Lots happening at the State Capitol in days to come, including these events:
- Tuesday, March 6, is Arts Advocacy Day (http://artsmn.org/act/events/arts-advocacy-day/)
- Thursday, March 8, is History Matters Day (http://www.mnhs.org/historymatters)
Aging with Dignity and Respect: It’s a social justice issue. Tuesday, March 20, 1:00 PM, East Side Neighborhood Services, 1700 Second Street NE, Mpls. Free and Open. Sponsored by Vital Aging Network. Register 651 917 4652.
World Storytelling Day (www.globalastorytellingday.org) is an annual celebration of the theme “If I can hear our story, it’s harder for me to hate you.” The theme explored this year by local advocates is “Wise Fools: Wisdom on the folly of war.” Storytelling Day 2018 will be celebrated locally on Tuesday, March 20 at the Landmark Center in downtown St Paul (www.landmarkcenter.org) Six storytellers will share stories reflecting the theme. The event is free and open. Learn more about the event and prime mover Larry Johnson here: (https://www.hometownsource.com/sun_post/community/golden-valley-resident-draws-international-attention-to-the-art-of/article_282a7376-1c9f-11e8-83cc-1f20f00f22c1.html
“Working—The Musical” reflects “the hopes dreams and heartbreak of the American working class expressed in the music of Lin-Manuel Miranda, James Taylor and others. The show runs March 16-18 at The O’Shaughnessy on the campus of St. Catherine University. https://oshag.stkate.edu/events/category/series/working-the-musical/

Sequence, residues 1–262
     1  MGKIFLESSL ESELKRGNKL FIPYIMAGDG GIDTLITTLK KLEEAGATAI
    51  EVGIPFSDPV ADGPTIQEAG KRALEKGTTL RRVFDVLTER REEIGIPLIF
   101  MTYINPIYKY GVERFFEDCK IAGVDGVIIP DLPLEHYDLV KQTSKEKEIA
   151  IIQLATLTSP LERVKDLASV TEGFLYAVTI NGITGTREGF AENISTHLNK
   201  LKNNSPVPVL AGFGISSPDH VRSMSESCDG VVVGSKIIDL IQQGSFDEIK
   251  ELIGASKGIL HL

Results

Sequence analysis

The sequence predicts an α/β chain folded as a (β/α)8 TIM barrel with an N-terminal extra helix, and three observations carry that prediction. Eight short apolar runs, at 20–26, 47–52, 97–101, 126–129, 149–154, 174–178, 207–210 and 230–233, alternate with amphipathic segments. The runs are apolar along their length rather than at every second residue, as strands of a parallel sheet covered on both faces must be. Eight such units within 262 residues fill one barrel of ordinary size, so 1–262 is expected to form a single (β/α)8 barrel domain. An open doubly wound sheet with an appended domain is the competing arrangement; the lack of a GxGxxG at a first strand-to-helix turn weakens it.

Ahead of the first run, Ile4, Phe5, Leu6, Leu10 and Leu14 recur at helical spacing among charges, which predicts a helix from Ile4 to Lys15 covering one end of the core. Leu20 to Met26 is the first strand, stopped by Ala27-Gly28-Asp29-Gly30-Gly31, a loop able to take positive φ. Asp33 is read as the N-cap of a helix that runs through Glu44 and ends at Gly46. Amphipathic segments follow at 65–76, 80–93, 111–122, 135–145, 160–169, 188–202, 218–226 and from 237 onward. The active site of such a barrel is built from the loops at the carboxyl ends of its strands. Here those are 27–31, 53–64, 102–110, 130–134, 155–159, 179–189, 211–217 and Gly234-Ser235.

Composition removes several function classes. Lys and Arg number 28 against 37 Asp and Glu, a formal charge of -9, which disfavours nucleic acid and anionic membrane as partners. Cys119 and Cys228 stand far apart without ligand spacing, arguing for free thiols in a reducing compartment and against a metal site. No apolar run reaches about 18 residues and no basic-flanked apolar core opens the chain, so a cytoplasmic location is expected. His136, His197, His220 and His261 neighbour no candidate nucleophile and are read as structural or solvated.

Opening March 14 at the American Craft Council – Ani Kasten, artist, ceramist and sculptor. Details here: https://craftcouncil.org/event/ani-kasten-ceramists-journey
The National Book Critics Circle has announced finalists for 2017 awards: http://bookcritics.org/blog/archive/national-book-critics-circle-announces-finalists-for-2017-awards
Plans are well underway for the 37th annual Minneapolis St Paul International Film Festival (https://filmfreeway.com/mspiff) Focus this year will be on Chinese cinema with films from China to be presented throughout the Festival.
Upcoming on Talk of the Stacks sponsored by Friends of the Hennepin County Library: Alex Sager on Tuesday, April 24 and Tracy Smith on May 16. https://www.supporthclib.org/sites/default/files/2018%20Talk%20of%20the%20Stacks%20Press%20Release.pdf
“To Be Honest” is the theme of a series of programs sponsored by The Loft, March through May. (https://www.loft.org/events__programs/thematic_series/to_be_honest/)
Poet Billy Collins hosts a unique resource designed to create a love of poetry with young people. Poetry 180 offers a poem a day for high school students – the 180 refers to the fact that the project is for school days only. https://www.loc.gov/poetry/180/
Some fun links:
- Comic books, now fashioned as graphic novels and other formats, aren’t what they used to be – and yet issues of intellectual freedom and accessibility persist. For an interesting review of “comics and intellectual freedom” check out this recent history of comic book censorship from the Library of Congress: https://www.loc.gov/today/cyberlc/feature_wdesc.php?rec=8259&loclr=eanw
- Tianjin Binhai Library https://www.atlasobscura.com/places/tianjin-binhai-library
- Quilts as tools for resistance https://hyperallergic.com/429923/quilt-con-2018-modern-quilt-guild/
- The Library of Congress inaugurated Jacqueline Woodson as the new National Ambassador for Young People’s Literature. https://www.loc.gov/today/cyberlc/feature_wdesc.php?rec=8247&loclr=eanw
- Justice through the perspective of an eyewitness artist https://blogs.loc.gov/law/2017/04/2017-law-day-event-justice-through-the-perspective-of-an-eyewitness-artist/ – Discussion of courtroom illustration with courtroom artists.